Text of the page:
Table 1 provides an overview of the most informative methods used to quantify heteroplasmy level of mtDNA mutations. Among the quantitation methods based on the PCR, Snapshot minisequencing has insufficient resolution in measuring the content of the mutant allele of less than 5% . ARMS strategy (amplification refractory mutation system) also implies the use of fluorescent dye for the quantitative determination of the mutant allele by real-time PCR. Experiments using allele-specific PCR and real-time detection of heteroplasmy level by incorporating of CYBR Green intercalating fluorescent dye have demonstrated high reproducibility of measurement (with correlation coefficient of 0.994) for the analysis of picogram amounts of total DNA obtained from different sources and the possibility of quantifying mtDNA heteroplasmy levels up to 0.5% . Furthermore, ARMS strategies, unlike pyrosequencing and next generation sequencing, are not very expensive, which makes them ideal for the analysis of small samples (Table 1).
Currently, the most versatile methodology for the quantitative measurement of mtDNA heteroplasmy level is qPCR employing fluorescence detection. To detect the presence of specific nucleotide sequences using fluorescence detection in real time, there are several techniques, the most known of which are the ones with intercalating dye SYBR Green I and methods with specific degradable oligonucleotide probes (TaqMan) and hairpin structures (Scorpions) (Table 2).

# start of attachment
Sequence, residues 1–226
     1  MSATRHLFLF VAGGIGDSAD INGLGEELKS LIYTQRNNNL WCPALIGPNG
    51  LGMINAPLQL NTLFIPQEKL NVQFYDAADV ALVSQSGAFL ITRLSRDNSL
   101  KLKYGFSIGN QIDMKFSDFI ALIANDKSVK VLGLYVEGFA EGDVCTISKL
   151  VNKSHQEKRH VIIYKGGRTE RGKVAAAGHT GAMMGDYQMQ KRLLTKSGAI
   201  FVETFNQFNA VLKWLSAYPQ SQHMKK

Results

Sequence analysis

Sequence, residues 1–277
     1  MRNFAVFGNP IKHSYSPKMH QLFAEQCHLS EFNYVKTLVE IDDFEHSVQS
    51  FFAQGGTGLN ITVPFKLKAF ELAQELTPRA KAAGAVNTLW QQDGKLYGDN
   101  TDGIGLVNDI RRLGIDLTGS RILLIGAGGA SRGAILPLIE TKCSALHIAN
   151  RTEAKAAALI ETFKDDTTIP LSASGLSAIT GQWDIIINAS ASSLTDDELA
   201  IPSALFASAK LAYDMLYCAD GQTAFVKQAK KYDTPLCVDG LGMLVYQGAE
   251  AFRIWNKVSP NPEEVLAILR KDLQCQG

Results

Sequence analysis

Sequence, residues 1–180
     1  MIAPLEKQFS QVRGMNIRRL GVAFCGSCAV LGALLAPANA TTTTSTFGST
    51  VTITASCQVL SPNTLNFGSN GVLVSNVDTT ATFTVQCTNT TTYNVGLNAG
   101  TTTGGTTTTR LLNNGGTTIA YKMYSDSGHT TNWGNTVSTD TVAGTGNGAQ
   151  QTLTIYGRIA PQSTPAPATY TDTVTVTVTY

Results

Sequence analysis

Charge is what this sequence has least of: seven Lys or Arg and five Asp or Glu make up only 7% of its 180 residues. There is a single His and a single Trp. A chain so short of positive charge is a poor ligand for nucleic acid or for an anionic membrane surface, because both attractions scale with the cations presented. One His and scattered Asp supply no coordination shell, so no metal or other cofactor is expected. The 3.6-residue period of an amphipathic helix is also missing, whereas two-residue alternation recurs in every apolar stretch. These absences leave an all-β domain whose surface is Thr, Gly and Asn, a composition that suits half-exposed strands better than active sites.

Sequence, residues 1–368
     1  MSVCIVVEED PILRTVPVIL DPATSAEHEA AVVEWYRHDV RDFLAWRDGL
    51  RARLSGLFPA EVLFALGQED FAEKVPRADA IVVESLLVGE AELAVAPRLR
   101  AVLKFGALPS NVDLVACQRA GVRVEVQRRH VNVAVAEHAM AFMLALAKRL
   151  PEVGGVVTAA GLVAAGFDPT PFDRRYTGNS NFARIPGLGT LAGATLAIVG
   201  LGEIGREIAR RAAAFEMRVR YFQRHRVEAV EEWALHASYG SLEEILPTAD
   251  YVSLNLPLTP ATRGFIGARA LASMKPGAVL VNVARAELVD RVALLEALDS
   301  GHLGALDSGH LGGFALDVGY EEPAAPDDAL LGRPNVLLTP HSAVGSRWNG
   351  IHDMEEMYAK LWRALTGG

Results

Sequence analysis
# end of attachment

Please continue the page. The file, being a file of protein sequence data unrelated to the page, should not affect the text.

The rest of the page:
Summarizing the advantages and disadvantages of this approach, it should be noted that the use of DNA probes in some specific form is the most preferable to increase the specificity of analysis of mtDNA heteroplasmy. However, the disadvantages of the above described approach relate to a high cost of probes, and accordingly, the primers and amplification process are expensive as well. At the same time, the use of intercalating agents is very simple and cheap. The need for selection of specific primers and probes seems to be a limitation factor, but now the number of commercially available primers steadily increases, and their efficiency has already been validated. Thus, the use of intercalating agents becomes highly attractive.
However, the use of intercalating dye SYBR Green I and hairpin structures (Scorpions) has certain limitations that prevent the wide use for quantitative measurement of mtDNA heteroplasmy, such as(i)low specificity and frequent false-positive results for the intercalating dye SYBR Green I, the inconvenience of job associated with the need to carry out the test in two separate tubes;(ii)low efficiency of reaction and, consequently, low sensitivity of hairpin structures method (Scorpions).